Rule Book 101: Tripped Up At Home

Baseball has been America’s national pastime for well over a century and a half, yet it still provides long-time spectators with events that they have never seen before – or will again. And sometimes, the tie does not go to the runner.

With the game tied at four in the top of the tenth inning on Sunday afternoon in Pittsburgh, San Diego Padres first baseman Wil Myers strode to the plate to face Pirates reliever Joaquin Benoit. With the count full, Benoit delivers the pitch:

Home Plate Umpire Tripp Gibson immediately walks in front of the plate and calls Myers out, ending the inning. The box score officially records the out thusly:

Wil Myers grounds out to catcher Chris Stewart. Wil Myers out on batter’s interference.

But, what rule did Myers actually break?

Rule 5.09(a)(7) of the 2017 Major League Baseball Rule Book states that:

A batter is out when his fair ball touches him before touching a fielder. If the batter is in a legal position in the batter’s box, see Rule 5.04(b)(5), and, in the umpire’s judgement, there was no intention to interfere with the course of the ball, a batted ball that strikes the batter or his bat shall be ruled a foul ball.

Before we analyze this rule, let us visit 5.04(b)(5) to see what a legal position in the batter’s box actually entails:

The batter’s legal position shall be with both feet within the batter’s box.
Approved Ruling: The lines defining the box are within the batter’s box.

Myers hits a nubber right off the edge of the plate. It appears that the ball bounces forward and into fair territory. So, the first part of the criteria is met. Myers then runs into a fair ball that he hit before touching a member of the defensive team. He’s out. Easy.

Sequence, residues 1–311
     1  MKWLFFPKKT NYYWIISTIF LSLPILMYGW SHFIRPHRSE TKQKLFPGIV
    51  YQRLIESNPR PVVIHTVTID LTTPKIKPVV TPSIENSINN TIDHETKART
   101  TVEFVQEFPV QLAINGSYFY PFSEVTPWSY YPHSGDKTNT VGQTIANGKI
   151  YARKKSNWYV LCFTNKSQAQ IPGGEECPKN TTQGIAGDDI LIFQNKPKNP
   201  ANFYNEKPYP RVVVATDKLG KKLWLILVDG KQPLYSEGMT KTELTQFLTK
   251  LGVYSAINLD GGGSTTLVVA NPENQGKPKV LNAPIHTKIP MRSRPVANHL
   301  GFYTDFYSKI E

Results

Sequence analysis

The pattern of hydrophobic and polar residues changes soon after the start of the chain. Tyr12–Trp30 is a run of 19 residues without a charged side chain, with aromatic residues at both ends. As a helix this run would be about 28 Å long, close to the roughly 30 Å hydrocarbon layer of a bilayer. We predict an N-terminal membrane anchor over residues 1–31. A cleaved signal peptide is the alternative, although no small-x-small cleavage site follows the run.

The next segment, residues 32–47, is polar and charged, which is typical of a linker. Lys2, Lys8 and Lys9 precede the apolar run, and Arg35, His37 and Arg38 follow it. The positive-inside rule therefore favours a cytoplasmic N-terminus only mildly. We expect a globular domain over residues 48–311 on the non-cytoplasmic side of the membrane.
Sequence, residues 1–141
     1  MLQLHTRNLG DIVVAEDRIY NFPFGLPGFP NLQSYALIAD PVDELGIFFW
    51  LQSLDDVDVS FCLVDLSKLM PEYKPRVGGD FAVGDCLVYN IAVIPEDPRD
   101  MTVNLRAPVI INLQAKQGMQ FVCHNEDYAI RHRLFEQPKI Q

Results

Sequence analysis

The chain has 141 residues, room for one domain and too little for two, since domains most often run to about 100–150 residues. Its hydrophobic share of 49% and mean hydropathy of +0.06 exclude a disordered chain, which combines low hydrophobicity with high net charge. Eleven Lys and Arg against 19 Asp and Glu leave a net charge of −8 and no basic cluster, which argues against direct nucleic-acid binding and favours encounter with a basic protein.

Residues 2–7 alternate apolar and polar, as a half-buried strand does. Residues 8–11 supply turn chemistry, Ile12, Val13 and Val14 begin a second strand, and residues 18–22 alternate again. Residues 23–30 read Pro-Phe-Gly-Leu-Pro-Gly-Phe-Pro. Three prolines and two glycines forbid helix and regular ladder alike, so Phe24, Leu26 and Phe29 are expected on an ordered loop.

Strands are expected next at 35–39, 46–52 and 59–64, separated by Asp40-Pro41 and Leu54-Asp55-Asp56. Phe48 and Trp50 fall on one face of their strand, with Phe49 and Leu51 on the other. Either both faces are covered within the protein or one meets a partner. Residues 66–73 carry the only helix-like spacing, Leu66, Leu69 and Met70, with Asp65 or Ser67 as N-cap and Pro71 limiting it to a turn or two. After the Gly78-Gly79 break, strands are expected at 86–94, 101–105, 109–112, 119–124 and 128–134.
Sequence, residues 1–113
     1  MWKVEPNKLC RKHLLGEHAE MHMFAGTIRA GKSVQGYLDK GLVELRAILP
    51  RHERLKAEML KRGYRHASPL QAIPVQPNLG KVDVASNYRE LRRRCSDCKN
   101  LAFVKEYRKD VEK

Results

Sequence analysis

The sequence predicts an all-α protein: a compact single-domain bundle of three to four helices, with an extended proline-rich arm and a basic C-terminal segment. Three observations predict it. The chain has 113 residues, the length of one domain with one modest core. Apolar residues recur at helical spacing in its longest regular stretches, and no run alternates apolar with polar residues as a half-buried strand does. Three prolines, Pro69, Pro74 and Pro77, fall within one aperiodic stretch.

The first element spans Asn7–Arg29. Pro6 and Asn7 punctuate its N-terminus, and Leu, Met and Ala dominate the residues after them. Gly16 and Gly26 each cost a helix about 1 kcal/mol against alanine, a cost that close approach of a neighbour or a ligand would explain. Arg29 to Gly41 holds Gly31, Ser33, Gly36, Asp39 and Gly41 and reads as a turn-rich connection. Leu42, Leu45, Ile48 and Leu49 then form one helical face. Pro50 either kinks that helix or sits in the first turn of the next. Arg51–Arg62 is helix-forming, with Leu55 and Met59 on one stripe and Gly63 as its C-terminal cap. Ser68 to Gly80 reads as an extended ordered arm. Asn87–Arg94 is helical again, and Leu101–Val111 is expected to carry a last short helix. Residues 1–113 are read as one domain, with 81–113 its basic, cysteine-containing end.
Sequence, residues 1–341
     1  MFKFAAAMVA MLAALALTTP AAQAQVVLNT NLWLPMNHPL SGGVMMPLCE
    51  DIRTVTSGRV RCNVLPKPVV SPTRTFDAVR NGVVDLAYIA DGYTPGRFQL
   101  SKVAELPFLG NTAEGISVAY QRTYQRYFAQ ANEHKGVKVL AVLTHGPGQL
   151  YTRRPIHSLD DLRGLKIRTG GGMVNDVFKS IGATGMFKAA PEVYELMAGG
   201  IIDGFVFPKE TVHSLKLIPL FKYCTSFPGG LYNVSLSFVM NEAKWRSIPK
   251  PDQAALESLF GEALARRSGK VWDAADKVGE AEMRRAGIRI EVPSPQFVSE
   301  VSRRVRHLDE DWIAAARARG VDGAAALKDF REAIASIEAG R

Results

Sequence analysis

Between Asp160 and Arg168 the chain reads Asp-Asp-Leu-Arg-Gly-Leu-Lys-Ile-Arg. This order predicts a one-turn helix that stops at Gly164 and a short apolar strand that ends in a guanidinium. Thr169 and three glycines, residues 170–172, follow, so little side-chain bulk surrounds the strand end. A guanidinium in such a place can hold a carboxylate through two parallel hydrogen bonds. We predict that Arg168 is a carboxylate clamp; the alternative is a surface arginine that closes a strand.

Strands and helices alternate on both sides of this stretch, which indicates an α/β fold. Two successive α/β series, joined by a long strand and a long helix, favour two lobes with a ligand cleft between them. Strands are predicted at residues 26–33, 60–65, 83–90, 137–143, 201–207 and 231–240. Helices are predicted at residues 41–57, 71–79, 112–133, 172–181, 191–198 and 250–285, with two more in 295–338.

Not so fast my friends. There is another two-pronged test that must be administered to determine whether Myers should be declared the final out of the inning or if it is just a foul ball.

The second prong of the test – Myers’s intent – is easier to rule on. He had finished his swing and was starting to run to first after hitting the ball – the normal course of action. As the ball bounced off Myers during this action, it would be difficult to believe any umpire would consider it an intentional act.

However, the second prong is only utilized if the first prong is also met. So, did Wil Myers have both feet within the batter’s box at the time the ball found his chest? Tripp Gibson quickly made a determination that at least one of his feet had left the confines of the 6’x4’ batter’s box, rendering the second prong moot, and Myers out.

However, the video is far from clear. At best, the video shows Myers’s back leg lifting to start his running motion when the ball careens off his torso… but not his leg actually leaving the confines of the box:

Umpires are trained to make calls on plays that take fractions of a second: Did a 100-mph pitch cross on the black or just off the plate? Did the throw enter the first baseman’s glove before or after the runner touched the bag? And in this case, was the batter in or out of the batter’s box when the ball hits him? Umpire Tripp Gibson applied the rules correctly based upon what he saw happen. Given that the entire play, from the pitch leaving Benoit’s hand to the out call, was two or three seconds long, Gibson had to make a snap decision.

However, the quickness and nature of the play make it very difficult for any player to actually move out of the batter’s box before being plunked. In a play like this, it should be obvious that the player has stepped outside of the batter’s box when the ball careens into his body. This was clearly not the case on this play. Gibson may have applied the rules correctly, but his judgment was off. This play should have been ruled a foul ball and Myers should have been given one more chance to create a scoring opportunity for the Padres.


Follow Brandon on Twitter @cuzittt

Featured image courtesy of Imgur

 

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